Vol. 246 December 15, 2020 It Seems Darker Out There.

December 15, 2020

Daily Saving Time is a misalignment of our biological rhythm or circadian rhythm
for 8 months of the year.”
– Beth Malow, Professor of Pediatrics and Neurology, Vanderbilt University

 

It’s very hard NOT to write about COVID today. There are so many medical fun facts swirling around out there. Can we get COVID from our pets, our school children, or during sex? The answer is “no” x 3.  In fact in one study most of the school-aged children who got the virus did so from their parent(s), not visa versa. Is alcohol consumption up during the epidemic? Yes, but only moderately. One study showed that people were drinking 6 1/2 days a month rather than 5 days a month compared to past years. . . . However, I am more than a little saturated by the flood of news about COVID and its vaccines. Maybe we’re drinking more because 5 PM arrives an hour earlier . . . and that’s what I’m writing about today, Daylight Saving Time.

We sprang ahead one hour on November 1 (the first Sunday in November) in compliance with a 1966 federal law, the Uniform Time Act. It did not mandate instituting DST, but it did mandate that if a state switched times it had to do so on the first Sunday in November and the second Sunday in March. Congress passed this law to remedy the existing chaos of states switching time on different dates. 

The medical effects of DST are mixed. Depression increases in the first few weeks after the switch to ST in the fall. Heart attacks increase 24% on the Monday and for the two weeks after the switch to DST in the spring. Teenagers sleep about 2 1/2 hours less  per night after the switch to DST. There is a brief spike in car accidents right after the switch to DST, presumably due to “decreased alertness in the early morning”.

Why do we switch? The founder of DST is either Benjamin Franklin in 1748 or George Hudson in 1895. Ben’s rationale was that the extra hour of light at the end of the day “would let you work rather than use energy for lights.” George Hudson was an entomologist in New Zealand, and he cherished an extra hour of daylight to collect more insects (true). It is apparently a myth that DST was started by the farmers who get up early anyway and want to spend another hour in the fields.

Ben’s argument for saving energy remains controversial. We instituted DST during both World Wars (presumably to save energy, and because Germany had already done so), but went back to Standard Time in between. In fact, DST was called “war time” then. We again instituted year-round nationwide DST during the oil crisis in 1973-1975. A National Bureau of Standards 1975 study found no differences in health status or energy usage between DST and ST. A 2007 Report to Congress documented that electricity usage decreased by only 0.34% over the first four weeks of DST.  Critics of the energy saving argument make a point that DST is “Daylight Saving Time”; there is no “s” on the end of “Saving”, i.e. there is no “savings” involved.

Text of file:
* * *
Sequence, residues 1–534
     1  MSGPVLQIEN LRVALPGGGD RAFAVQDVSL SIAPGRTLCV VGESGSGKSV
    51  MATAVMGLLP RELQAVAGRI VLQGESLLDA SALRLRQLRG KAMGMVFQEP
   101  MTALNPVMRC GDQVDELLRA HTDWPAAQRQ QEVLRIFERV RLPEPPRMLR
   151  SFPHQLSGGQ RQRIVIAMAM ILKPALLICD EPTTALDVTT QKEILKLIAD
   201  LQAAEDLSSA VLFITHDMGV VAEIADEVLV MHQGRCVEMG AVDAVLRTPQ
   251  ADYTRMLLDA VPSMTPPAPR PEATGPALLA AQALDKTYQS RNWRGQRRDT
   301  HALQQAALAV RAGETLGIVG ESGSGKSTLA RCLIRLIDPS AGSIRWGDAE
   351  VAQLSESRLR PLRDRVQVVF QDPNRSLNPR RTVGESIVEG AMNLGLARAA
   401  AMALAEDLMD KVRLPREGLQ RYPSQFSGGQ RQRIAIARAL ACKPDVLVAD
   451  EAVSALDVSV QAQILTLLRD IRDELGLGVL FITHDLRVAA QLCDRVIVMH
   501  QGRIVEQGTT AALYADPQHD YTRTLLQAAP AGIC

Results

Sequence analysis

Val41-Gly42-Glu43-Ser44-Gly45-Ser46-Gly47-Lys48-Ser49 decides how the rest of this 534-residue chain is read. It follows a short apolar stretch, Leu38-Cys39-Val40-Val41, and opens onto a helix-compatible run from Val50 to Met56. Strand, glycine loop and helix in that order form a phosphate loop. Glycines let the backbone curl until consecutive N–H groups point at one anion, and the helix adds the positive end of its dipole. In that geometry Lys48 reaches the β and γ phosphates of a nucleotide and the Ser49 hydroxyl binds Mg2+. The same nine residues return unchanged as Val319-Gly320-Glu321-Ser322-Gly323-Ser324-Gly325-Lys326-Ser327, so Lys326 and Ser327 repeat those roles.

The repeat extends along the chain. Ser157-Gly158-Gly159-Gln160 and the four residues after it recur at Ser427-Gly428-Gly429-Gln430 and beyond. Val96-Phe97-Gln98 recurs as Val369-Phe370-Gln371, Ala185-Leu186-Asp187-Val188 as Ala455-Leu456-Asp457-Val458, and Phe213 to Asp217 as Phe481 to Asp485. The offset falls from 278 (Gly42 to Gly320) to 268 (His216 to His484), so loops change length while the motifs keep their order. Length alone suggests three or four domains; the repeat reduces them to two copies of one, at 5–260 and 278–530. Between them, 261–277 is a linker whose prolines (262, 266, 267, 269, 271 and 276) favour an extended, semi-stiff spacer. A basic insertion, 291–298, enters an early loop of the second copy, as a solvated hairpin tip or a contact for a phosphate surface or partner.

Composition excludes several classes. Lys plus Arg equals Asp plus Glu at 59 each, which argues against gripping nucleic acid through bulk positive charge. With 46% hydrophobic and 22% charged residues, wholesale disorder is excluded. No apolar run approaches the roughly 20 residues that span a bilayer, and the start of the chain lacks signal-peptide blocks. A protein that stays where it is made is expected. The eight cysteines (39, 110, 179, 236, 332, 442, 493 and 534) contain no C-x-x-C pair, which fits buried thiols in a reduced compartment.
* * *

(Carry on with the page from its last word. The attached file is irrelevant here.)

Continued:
The most consistent argument for DST seems to be that “people just love that extra daylight in the evening.” (I’ll vote for that!). So why not have DST all year long? Eleven states do have year-round DST by their choice.  None of the New England states do, but there is a proposal that four of them switch from Eastern Standard Time to Atlantic Standard Time which would move their clocks ahead one hour for the whole year. A Massachusetts Special Commission endorsed that idea in November 2017 (note the month). Russia tried full year DST in 2011, but when sunrise in Moscow kept arriving at 10 AM Putin nixed it in 2014. China, (oh oh) has no DST. Europe has DST like us and calls it “summer time”.

Academic critics of DST emphasize that it is not only the stress of the time switch (“Its the transition, stupid”), but that DST is “misaligned with our natural circadian rhythms.” Pets do react to the change of time, but there is no effect on the timing of deliveries of human babies. We do adjust to the time change. Studies of jet lag have shown that it takes a 1 day for each hour of time change. In 2020 The American Academy of Sleep Disorders (don’t you dare fall asleep during one of THEIR lectures) endorsed year round Standard Time as “the best alignment with our own body rhythms”. The Department of Transportation announced in June 2020 that it was doing “a literature search of DST and Standard Time issues”, but as of September 2020 there has been no report published.

Some researchers have suggested that this year’s time switch will cause LESS stress because the pandemic has “freed up our time schedules”. We don’t have to get up to go to work or school; each day seems like the previous one; we set our own daily schedules. OMG, there I go, back to writing about COVID again! Of course, “we ain’t seen nuttin’ yet” in terms of COVID medical fun facts. Brace yourself for all the future studies of COVID and alcohol  consumption, use of social media, gasoline usage, depression, divorce rates, doctor visits, telemedicine use, causes of death, etc. . . . I can wait. We are all used to waiting right now, aren’t we?.


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